Boroka, a transplant from Romania, and husband Jorge, from Mexico City, have married a world of ingredients into an intriguing and pleasing menu at the Fusion Grill, now located at 2024 Avenida De los Arboles in Thousand Oaks.

Defined as “eclectic Italian, French and Asian” cuisine, you might recognize some names involved with Fusion Grill. The restaurant has recently relocated from an Amgen-adjacent locale in Newbury Park, to the former site of Chen’s in Oakbrook Plaza. Husband and chef Jorge worked for the former Galletto’s Ristorante in Westlake Village, so it will be no surprise to customers new and old that his touch with ingredients is just as deft and appealing. “He has the touch,” Boroka says.

And fusion isn’t just a convenient name for a new restaurant; here, it’s a theme. The decor and furniture could be Japanese influenced, or contemporary American. Focus on one spot of the room and you’re in a wine bar; another, you’re watching a flat screen at your local sports bar. A number of patrons on a Monday night weren’t disappointed when they came in for dinner and found the regular Monday Night Football game on.

The menu you’ll grab upon entering and number card on your table might remind you of another one of Galletto’s old neighbors, the Natural Cafe. The Soriano’s offer nine kinds of salad, seven types of wraps, six sandwiches and five burgers – covering everything from a standard cheeseburger to an Angus beef Jalapeno burger.

The pasta department is Jorge’s ‘eclectic’ part of Fusion’s description. There’s Fusion Chicken Penne with a creamy, tomato chipotle sauce, and the Penne Arrabiata is a pure-tasting blend of kalamota olives, capers, goat cheese and fresh basil.

Fusion’s steak salad had lean, perfectly cooked slices and a light lemon olive oil dressing that isn’t overbearing. The Ahi Tuna wrap is generous and comes with a creative blend of wasabi aioli dip.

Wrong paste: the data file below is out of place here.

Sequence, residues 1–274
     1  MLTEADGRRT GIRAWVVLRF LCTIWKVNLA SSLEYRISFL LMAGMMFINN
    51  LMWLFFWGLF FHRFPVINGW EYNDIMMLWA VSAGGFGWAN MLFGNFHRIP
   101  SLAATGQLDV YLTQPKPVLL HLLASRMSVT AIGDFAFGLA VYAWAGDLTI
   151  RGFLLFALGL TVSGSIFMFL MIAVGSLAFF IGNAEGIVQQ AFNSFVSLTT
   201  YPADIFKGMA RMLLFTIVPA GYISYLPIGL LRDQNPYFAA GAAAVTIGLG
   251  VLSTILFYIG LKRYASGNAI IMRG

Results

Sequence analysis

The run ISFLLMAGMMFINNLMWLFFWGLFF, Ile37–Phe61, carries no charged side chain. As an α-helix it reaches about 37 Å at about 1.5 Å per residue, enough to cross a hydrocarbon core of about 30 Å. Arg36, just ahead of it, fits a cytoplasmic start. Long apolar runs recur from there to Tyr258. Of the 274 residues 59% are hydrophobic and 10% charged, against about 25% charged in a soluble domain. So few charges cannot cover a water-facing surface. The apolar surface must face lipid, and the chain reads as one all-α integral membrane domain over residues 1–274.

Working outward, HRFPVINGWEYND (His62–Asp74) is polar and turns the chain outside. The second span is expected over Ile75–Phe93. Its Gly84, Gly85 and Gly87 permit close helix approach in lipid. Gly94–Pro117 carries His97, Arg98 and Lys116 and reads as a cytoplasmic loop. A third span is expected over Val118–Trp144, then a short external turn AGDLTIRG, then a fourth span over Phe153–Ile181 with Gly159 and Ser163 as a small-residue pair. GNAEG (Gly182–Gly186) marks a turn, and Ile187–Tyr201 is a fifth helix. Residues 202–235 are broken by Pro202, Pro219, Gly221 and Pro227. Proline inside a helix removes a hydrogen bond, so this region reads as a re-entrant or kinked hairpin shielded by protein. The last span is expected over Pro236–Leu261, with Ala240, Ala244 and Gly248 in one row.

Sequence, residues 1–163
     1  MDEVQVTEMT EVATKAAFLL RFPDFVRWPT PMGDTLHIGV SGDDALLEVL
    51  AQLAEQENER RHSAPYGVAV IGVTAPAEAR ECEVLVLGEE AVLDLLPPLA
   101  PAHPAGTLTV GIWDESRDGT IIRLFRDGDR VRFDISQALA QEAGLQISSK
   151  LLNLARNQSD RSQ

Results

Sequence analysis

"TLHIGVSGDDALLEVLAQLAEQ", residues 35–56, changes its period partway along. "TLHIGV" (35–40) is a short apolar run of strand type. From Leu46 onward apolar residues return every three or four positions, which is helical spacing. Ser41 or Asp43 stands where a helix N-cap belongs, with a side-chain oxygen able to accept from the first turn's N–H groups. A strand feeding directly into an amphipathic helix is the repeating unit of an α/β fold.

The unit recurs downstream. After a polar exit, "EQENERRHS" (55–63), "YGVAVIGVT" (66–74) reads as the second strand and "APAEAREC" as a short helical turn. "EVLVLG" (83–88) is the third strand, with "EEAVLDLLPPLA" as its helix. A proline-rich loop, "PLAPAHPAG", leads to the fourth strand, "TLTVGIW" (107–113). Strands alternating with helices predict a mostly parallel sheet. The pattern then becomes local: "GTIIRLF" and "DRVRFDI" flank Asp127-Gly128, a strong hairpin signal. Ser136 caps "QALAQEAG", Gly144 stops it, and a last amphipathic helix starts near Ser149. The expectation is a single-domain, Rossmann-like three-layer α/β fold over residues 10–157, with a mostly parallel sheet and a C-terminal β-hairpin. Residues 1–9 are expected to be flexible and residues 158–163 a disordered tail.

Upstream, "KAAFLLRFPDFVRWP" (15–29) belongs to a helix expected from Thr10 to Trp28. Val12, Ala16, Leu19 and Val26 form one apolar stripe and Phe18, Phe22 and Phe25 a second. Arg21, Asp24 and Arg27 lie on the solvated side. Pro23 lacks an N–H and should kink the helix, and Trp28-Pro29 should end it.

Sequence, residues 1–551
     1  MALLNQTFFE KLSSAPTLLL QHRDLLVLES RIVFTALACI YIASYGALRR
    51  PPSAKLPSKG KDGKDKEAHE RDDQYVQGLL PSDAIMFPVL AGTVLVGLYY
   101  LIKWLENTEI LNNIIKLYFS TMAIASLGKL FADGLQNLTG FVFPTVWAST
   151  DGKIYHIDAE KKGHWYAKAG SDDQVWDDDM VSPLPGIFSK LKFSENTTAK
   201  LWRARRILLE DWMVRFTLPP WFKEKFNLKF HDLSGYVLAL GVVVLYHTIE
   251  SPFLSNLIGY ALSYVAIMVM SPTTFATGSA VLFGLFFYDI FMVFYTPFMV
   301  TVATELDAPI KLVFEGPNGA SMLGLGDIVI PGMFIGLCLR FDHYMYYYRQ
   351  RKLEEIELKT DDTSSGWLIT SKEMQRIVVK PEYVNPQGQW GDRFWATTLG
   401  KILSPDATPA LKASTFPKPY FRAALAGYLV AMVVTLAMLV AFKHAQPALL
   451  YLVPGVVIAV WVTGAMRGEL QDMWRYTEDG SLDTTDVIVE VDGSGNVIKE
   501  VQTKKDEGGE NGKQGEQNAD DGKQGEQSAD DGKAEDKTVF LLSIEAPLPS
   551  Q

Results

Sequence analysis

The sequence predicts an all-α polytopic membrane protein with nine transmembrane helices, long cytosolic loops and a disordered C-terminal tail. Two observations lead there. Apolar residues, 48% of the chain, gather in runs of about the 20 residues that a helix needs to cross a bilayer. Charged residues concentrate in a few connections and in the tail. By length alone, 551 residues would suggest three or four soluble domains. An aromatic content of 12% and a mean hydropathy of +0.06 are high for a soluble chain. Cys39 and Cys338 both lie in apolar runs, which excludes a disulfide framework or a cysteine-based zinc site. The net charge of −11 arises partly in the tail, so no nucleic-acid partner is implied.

Beer and wine are available. Soda drinkers who hate how heavy sodas make them feel will be delighted with the Stubborn Cola dispenser. Their sodas contain real sugar rather than high fructose corn syrup. And for those in need of a serious fix or just a good cup of coffee, Jorge has brought in a full-tilt espresso machine. “My husband’s second car,” Boroka calls it.

There’s also a breakfast menu starting at 7am offering steak & eggs, omelettes and a variety of sandwiches. Boroka makes a serious glass of OJ with her Spanish-made orange juice squeezing machine. And if you’re the busy type, it’s easy to find an outlet for your devices, and wi-fi is always available.

On a recent visit, Boroka was seen pouring two glasses of wine. Seeing she was faced with a dinner rush of customers, the man who’d ordered the wine retrieved the glasses from his host, giving her one less thing to do. The moment one enters the Fusion Grill, a genuine smile and greeting announces that a spirit of cooperation isn’t an exception here but a recurring theme.

Toward closing time, an older gentleman with a stoop and a cane struggled to push the door open on a windy night. A young man in a hoodie swooped quickly around and held it for him. At the counter, asked once more about her new location, Boroka said: “this place, it’s our third child.”

And it all starts with a smile.

THE FUSION GRILL

2024 Avenida De los Arboles

Thousand Oaks, CA

805-241-0449

Take-out available